Party chairman Roy Herron told reporters at a news conference that he was especially concerned by a report that the state chapter of the American Federation for Children is spending $800,000 to lobby for a large-scale school voucher program in Tennessee.
Critics, particularly Democrats, have said that voucher programs take needed funds from public schools and give them to private schools.
An official familiar with the federation's plans told The Associated Press last week that the group is using the money on broadcast television, cable and radio advertising. The official spoke on the condition of anonymity because the group has not made the amount public.
"This is another battle in the Republican war on public schools," Herron said. "Vouchers may benefit vultures, but they take from Tennessee taxpayers and leave our children and our state worse off."
Republican Gov. Haslam told reporters last week that he plans to stick with the narrower plan he proposed in his State of the State address, which he predicted would be hotly debated anyway.
Haslam's proposal would limit the program to 5,000 students in failing schools in the academic year that begins in August, and grow to 20,000 by 2016.
"We didn't just decide to pick a point where we thought, 'Oh, this can get passed,'" Haslam said. "We really did pull a lot of people in to go through a thoughtful process about what we think is right for Tennessee right now."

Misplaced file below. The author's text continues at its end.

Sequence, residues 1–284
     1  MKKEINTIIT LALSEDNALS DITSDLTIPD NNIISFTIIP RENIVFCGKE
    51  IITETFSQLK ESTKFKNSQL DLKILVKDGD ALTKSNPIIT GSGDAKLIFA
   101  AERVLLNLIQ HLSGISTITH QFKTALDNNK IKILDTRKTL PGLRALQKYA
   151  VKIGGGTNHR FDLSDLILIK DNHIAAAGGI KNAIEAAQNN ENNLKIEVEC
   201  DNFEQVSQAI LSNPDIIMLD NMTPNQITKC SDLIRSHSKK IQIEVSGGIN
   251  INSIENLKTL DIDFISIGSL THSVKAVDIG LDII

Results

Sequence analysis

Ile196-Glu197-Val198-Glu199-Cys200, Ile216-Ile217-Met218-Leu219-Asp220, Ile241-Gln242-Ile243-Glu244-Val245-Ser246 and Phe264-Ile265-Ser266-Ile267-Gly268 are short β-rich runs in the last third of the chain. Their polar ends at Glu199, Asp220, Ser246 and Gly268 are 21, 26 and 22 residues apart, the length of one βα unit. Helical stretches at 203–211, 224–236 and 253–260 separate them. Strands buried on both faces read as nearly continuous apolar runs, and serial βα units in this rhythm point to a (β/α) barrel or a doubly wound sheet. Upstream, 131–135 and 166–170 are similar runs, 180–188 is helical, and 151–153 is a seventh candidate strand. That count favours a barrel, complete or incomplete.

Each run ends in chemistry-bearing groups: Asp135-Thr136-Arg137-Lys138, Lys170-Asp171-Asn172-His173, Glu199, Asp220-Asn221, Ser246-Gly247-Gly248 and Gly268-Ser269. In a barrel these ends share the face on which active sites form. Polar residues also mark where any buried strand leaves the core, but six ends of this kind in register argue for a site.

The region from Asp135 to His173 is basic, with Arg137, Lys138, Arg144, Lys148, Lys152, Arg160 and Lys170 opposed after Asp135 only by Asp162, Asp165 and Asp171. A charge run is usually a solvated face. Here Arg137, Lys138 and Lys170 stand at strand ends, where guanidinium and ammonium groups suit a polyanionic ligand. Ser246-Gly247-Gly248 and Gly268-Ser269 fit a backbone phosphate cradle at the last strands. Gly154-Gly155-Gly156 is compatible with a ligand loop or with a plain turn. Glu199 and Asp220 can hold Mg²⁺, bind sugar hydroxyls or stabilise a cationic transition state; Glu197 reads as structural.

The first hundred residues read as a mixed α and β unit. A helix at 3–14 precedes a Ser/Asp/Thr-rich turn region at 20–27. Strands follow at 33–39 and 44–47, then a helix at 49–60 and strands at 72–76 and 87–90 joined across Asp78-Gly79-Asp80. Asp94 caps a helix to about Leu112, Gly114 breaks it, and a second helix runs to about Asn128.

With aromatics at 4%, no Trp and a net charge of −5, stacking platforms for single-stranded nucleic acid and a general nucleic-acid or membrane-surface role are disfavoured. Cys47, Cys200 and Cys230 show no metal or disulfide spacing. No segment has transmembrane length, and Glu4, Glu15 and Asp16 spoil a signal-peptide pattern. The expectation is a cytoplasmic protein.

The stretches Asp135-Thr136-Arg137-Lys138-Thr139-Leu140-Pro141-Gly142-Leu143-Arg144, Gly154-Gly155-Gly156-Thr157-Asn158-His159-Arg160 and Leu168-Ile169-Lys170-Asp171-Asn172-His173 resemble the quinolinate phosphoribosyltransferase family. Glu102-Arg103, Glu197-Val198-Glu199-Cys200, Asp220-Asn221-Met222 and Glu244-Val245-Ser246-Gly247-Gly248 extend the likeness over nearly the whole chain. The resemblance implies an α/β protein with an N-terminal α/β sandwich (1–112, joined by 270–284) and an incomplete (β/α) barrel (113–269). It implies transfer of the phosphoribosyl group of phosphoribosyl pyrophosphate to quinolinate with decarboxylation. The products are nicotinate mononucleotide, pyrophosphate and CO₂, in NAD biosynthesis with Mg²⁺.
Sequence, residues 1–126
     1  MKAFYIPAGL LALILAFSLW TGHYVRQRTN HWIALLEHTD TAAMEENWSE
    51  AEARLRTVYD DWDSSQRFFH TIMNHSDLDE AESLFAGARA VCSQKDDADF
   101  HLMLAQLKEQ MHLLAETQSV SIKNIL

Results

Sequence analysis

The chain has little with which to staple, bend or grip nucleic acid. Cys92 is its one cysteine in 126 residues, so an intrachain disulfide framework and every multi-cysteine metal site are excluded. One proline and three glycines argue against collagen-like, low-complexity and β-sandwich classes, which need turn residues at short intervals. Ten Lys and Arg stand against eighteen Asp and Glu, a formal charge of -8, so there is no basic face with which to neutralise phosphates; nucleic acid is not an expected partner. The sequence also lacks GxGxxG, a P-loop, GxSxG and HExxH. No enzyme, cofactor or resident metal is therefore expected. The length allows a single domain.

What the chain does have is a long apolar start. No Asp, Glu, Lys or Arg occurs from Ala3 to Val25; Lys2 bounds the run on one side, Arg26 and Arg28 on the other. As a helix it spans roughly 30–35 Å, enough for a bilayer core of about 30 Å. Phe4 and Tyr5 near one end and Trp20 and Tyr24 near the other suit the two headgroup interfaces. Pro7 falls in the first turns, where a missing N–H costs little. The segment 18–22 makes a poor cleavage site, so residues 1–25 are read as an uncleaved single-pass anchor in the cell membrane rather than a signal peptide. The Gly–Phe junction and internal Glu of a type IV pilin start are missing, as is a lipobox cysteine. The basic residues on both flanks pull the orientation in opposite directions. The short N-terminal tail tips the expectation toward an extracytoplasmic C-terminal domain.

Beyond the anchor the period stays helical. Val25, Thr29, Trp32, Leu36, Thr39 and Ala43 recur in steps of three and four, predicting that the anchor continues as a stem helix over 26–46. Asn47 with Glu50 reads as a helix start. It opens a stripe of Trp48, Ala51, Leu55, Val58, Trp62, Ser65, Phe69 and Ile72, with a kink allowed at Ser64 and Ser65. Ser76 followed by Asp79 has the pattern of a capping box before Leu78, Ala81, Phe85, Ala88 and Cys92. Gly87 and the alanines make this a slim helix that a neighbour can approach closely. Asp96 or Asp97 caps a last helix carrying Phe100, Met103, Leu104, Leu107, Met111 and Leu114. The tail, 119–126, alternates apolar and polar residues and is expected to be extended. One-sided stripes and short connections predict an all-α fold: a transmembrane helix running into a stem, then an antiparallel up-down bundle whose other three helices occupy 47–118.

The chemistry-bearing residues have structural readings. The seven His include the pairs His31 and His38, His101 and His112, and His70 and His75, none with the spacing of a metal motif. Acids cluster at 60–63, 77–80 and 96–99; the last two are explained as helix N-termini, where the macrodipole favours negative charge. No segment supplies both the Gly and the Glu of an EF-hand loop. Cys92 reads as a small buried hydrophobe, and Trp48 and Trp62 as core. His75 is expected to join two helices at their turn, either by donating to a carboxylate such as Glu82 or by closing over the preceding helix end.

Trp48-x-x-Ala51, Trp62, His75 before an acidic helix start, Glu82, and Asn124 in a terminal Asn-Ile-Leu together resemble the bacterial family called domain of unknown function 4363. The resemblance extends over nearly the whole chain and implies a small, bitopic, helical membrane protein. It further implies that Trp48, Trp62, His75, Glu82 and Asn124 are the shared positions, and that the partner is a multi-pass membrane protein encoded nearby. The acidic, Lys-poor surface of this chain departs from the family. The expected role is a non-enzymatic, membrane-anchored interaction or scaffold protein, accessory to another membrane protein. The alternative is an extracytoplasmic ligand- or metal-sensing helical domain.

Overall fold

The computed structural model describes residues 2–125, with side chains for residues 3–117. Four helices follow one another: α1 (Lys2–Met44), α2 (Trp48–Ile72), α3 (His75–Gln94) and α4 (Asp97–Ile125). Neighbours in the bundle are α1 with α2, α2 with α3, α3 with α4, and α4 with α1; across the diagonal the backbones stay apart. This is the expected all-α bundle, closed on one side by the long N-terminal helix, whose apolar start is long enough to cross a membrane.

Haslam declined to say whether he would veto a bill that significantly goes beyond his proposal.
The measure is scheduled to be heard this week in the education committees of the House and Senate.
Herron said he also is against the governor's plan.
"We've had folks who have wanted to raid the public pockets time and time again, and this is one more time where that's the case," he said.
A recent telephone poll of 650 Tennessee residents conducted by Middle Tennessee State University showed state residents pretty much evenly split on the governor's voucher proposal.
"Statewide, it's too close to call," said Ken Blake, director of the poll, which has a four-percentage-point error margin. "Opponents of the plan outnumbered supporters in our sample, but it's unclear whether the same is true among all Tennesseans. They appear evenly, or nearly evenly, divided."